Seven Years in Tibet, Heinrich Harrer
Seven Years in Tibet reviewed by Trevor Paetkau
Set against the backdrop of the Second World War and Tibet’s impending invasion by China, Harrer pens an evocative account of a country suspended in time. Medieval in many ways, it is a place none-the-less, readers will deeply regret having missed.
Lhasa was not Shangrila.
The capital city of Tibet was dirty and lacked sanitation; books and recreation were hard to come by; the diet was limited; medicine was more shamanistic than practical; and technology (even the wheel) was looked upon with suspicion. Even so, it was a city easy for the Western imagination to fall in love with; laughter was a constant; curiosity and pleasure were valued beyond industry; and inspite of a rigorous religiosity, the Tibetans were perhaps the least moralizing people of the modern era.
It’s with a great breath of mountain air that Harrer references the guilelessness of his hosts; how for instance laughter was a constant and jokes, retold century after century, never failed to solicit mirth. Curiousity, religion, and pleasure were all valued beyond industry. An earthworm in a shovel of dirt would stop the construction of a ditch, the departure of a friend would require elaborate farewells, and the changing of a season would require the performance of one ritual or another. Festivals, parties, and social interactions kept Lhasans engaged — modernity’s harried pace most emphatically did not.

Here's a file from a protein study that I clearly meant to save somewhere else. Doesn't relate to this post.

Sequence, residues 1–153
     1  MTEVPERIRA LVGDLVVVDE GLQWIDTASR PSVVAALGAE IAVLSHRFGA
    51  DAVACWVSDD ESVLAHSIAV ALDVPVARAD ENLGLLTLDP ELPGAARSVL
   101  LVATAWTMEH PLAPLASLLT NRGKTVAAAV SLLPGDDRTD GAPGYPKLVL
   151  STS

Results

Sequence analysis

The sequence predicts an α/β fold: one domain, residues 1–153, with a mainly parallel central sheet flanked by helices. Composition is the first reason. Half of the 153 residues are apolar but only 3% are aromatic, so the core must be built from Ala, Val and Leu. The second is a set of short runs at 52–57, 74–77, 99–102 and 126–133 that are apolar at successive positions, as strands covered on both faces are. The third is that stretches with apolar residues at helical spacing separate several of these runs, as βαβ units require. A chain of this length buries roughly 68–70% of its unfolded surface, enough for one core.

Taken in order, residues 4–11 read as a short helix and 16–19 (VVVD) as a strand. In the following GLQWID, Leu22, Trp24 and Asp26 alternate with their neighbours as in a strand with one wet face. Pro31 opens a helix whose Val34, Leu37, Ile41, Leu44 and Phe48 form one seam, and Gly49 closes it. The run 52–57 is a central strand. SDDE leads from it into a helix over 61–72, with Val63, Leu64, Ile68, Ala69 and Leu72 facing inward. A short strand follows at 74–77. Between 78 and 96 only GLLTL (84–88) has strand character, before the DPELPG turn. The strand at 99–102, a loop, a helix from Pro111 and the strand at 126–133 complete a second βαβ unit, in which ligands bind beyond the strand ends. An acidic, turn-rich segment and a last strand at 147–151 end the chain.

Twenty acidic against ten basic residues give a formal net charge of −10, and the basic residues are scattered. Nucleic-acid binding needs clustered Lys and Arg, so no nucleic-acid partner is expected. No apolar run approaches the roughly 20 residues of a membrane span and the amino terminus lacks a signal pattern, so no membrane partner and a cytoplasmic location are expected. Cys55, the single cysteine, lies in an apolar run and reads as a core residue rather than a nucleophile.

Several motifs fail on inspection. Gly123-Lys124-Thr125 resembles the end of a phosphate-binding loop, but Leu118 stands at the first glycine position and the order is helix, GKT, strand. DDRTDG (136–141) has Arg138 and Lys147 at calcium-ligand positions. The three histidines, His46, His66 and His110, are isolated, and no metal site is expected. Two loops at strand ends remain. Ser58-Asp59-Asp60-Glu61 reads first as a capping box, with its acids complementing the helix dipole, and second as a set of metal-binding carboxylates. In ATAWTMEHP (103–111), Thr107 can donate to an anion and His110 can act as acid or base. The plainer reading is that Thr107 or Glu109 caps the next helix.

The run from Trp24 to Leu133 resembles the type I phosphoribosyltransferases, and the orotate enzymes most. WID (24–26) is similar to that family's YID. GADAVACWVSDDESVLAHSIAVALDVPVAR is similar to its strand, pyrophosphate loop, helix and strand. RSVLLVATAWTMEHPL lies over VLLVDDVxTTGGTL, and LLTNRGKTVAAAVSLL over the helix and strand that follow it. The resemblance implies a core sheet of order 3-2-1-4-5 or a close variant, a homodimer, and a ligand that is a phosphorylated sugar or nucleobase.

I mention this at the outset as a way of explaining why Seven Years in Tibet has endured as an adventurer’s tale. Apart from the power of its narrative and quality of Harrar’s prose, it proves exactly what every wanderer wants to believe; that he or she can stumble away from the complexities of today (a British POW camp) into the simplicity of yesterday (Lhasa circa 1940). It’s escapist literature writ large. And more-over, its literal.
Heinrich Harrer, The Man
Heinrich Harrer arrived in Lhasa unbidden, unwelcome, and on the lam from a British internment camp. Tenacity brought him through the city’s defenses. The size of his heart endeared him to the locals. In anecdote after anecdote we are reminded that he gave as much as he was given. – translation services, medical advice, engineering … At first a novelty in the capital, he soon became indispensable, and later a fixture.
Essentially, Harrar escaped WWII, and rode out the war in a place as far removed from the conflict as was culturally and geographically possible. The fact that he was a German citizen figures into it only tangentially; serving, more than anything, to illustrate what it means to be a decent human being, while one’s countrymen are being horribly indecent … he never deigns to impose his values, language or politics. And while perpetually curious, he is never curious in the way the throngs descending on travel hotspots today are. Granted, his primary motivations were self-motivated (escape and curiosity), but each action was self-less. And, while it all must have been terribly complex … what with geopolitical and practical issues … none of it seems to have been complicated at all. From the escape attempts to the engineering of waterworks, and construction of a movie theatre Harrer takes his situation in hand and continues apace. While there are instances where he records being homesick (Christmas in Lhasa), for the most part he conveys the feeling that there is no place he’d rather be. It’s this trait exactly that makes his account as endearing and enduring as it is.